Wednesday, 15 May 2019

Two-thirds of world's longest rivers throttled by mankind: study

PHYS ORG
The design of the "site c" dam in B.C.

Almost two in three of Earth's longest rivers have been severed by dams, reservoirs or other manmade constructions, severely damaging some of the most important ecosystems on the planet, researchers said Wednesday. Story here.

Tuesday, 14 May 2019

Microplastics in freshwaters


PHYS ORG
Microplastics in sediments from the rivers Elbe (A), Mosel (B), Neckar (C), and Rhine (D).Note the diverse shapes (filaments, fragments, and spheres) and that not all items are microplastics (e.g., aluminum foil (C) and glass spheres and sand (D), white arrowheads). The white bars represent 1 mm. PhotoS by Martin Wagner et al.
As small as a grain of dust—but of great global significance. The word microplastics is familiar to many, but the dangers are virtually unexplored. In recent years, plastic pollution has become an ever-increasing burden on the environment. Countless videos and media reports draw attention to this problem. While the dangers of large plastic pieces for animals are impossible to overlook, there is practically nothing about the dangers posed by microplastics. But what are microplastics anyway? Get the answer here.

Jury rules Roundup gave a California couple cancer - orders the manufacturer, Bayer, to pay $2B.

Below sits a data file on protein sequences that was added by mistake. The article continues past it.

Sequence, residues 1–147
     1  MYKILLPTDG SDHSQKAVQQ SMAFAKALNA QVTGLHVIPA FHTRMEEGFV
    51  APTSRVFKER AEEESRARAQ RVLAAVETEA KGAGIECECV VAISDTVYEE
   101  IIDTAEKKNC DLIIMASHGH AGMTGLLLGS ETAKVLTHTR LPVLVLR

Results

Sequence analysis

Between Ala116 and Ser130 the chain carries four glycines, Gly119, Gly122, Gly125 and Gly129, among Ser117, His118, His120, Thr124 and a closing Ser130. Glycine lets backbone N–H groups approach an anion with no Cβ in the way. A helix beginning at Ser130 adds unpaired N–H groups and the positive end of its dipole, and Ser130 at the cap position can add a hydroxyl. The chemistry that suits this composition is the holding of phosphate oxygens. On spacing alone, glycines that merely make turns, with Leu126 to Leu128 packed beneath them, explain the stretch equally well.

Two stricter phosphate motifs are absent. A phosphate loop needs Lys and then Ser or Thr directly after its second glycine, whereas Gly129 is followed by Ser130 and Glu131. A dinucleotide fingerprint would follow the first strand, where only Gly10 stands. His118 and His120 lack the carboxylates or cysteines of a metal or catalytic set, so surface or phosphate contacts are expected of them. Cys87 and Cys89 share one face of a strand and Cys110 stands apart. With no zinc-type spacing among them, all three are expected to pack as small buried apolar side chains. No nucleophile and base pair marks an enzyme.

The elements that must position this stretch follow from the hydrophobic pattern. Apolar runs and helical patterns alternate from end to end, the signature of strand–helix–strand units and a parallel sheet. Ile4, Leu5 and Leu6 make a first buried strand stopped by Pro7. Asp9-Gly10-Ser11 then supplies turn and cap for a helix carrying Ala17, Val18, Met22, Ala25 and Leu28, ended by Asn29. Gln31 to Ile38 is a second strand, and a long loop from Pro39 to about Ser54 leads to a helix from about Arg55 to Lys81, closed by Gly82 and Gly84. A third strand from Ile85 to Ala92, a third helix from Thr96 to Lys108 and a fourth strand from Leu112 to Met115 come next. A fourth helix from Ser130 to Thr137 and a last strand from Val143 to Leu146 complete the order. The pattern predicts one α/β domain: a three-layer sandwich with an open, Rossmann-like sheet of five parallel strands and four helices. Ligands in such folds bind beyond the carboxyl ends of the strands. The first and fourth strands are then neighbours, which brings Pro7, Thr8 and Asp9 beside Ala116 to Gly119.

by Larry Powell (Opinion)
A pesticide collection depot in Manitoba.
A PinP photo.
It’s a record settlement in a Roundup case, so far.

In Canada, there are no signs of similar court actions, even though  Roundup is generously applied here, too. 

Sadly, our Canadian regulators seem far from vigilant in protecting the public against harmful chemicals. For example, less than a year ago, the PMRA re-registered a fungicide so its main uses can continue. That same product has just been banned in the EU as a possible carcinogen!

And the same corporation, Bayer, is busily registering (or trying to register) its latest insecticide for use, worldwide, including Canada. Never mind that scientists are questioning Bayer’s claim that it is not harmful to pollinators. 

The PMRA has been stone-silent on my own requests to justify this apparent inaction in either of these cases. I call it governance by neglect. 

It is to be hoped that punishing fines like this will eventually call this monstrous Corporation to heel and make it more accountable to the public good.
l.p.

Monday, 13 May 2019